I've been amazed as the pandemic has continued, how many companies that claim to understand remote work, still really don't get it. I've decided that a good test of that, is whether job advertisements still show a city or location for the work.
Now, not everyone can work remotely, and not everyone has anywhere suitable to work from remotely, but the majority of knowledge workers can do just that. That's who I'm talking about here.
David Solomon, the CEO of investment bank Goldman Sachs hit the news last week, when he described remote work as an aberration. He said he wants his people back in the office while noting that "a business like ours, which has an innovative, collaborative apprenticeship culture" can't work remotely. He added that "It's an aberration that we're going to correct as soon as possible".
Turns out though, that he's already now walking back much of what he said.
To agile innovative businesses that haven't been around all that many years, embracing remote work seems easy. For businesses like banks that have been around for more than a century, I'm sure they do see the change as a blip in their timelines. Turning these organizations around will be like trying to turn around the Ever Given within the Suez Canal.
Before the pandemic, I already saw many businesses that were hamstrung by their inability to utilize remote talent. I remember consulting at a development company in Melbourne that had nearly 500 developers. They were endlessly searching for new developers. But only if they could live in Melbourne and come to their offices.
What's the outcome of that?
Well over time, they'd lose people and couldn't replace them. They'd already exhausted the local market, and so they started lowering the standards of who they'd hire.
Yet if they'd embraced remote workers, they could have had such a pool of bright developers they could have used. Instead of focussing on endless job searches, they should have been focussing on enabling a remote workforce. Instead of buying more office space and equipment, they should have been buying better connectivity.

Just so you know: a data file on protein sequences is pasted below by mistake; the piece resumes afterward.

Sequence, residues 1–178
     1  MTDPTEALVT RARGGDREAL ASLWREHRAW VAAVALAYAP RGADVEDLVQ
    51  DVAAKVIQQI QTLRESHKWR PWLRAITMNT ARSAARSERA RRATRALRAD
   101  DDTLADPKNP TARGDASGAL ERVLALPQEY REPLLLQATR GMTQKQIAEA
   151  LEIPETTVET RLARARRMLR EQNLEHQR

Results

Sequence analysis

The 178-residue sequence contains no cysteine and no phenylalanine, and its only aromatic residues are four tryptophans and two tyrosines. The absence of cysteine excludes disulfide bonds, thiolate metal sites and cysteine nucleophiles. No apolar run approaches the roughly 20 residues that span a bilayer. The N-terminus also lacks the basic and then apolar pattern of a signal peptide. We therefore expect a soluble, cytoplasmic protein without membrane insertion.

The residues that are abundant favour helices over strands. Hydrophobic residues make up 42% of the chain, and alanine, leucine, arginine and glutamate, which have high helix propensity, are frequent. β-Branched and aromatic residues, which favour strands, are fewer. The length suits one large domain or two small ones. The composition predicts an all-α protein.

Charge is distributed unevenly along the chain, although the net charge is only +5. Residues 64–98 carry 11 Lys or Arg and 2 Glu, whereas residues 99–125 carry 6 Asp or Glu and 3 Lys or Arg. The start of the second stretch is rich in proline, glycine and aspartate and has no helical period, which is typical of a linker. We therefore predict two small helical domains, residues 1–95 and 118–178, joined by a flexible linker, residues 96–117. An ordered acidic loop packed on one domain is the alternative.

Again, there are exceptions, like requirements for particular citizenships in certain jobs, but they are the minority, and even then, they don't need to be located in a particular city.
So many businesses that argued they couldn't work remotely suddenly found they could when the pandemic hit.
Prior to the pandemic, I found it particularly ironic that companies like Microsoft and even newcomers like Slack, really didn't seem to get remote work, even though they were building the tools to enable it. Teams is improving rapidly now, but the early versions of it showed all the hallmarks of being designed by someone who lives in a corporate cubicle, always within a single domain and email address.
Both companies have now changed their thinking but I can only wonder what sort of tools we might have had by now, if they'd actually been using their own tooling to truly enable remote working.
In particular, I've been really pleased to see the number of Microsoft job advertisements that now don't have a location, and make it clear they want to find the right person no matter where they are. This is great to see.
Future Work Combinations
I've been closely watching the surveys within Australia on where knowledge-worker staff want to be able to work. Most of the results break down like this:
- 20% want to be in the office all the time
- 20% want to be remote all the time
- 60% want flexibility to choose between the two as needs arise
And just as importantly, they want flexibility not only on where they work, they want flexibility on when they work. 9-5 Monday to Friday just isn't going to cut it any more.
Worse, the lack of timing flexibility affects far more women than men.
Attracting and Retaining Staff
Any company that thinks the world is going back the way it was, is going to have a serious difficulty attracting great staff, particularly if they're chasing world-class talent.
I can already imagine the companies that could lure away key staff from the Goldman Sachs of this world, by offering them a different way to work, that is employee-centric not just company-centric.
The best staff aren't likely to choose to spend mind-numbing hours commuting to/from cubicles in city centres, if there's an alternative.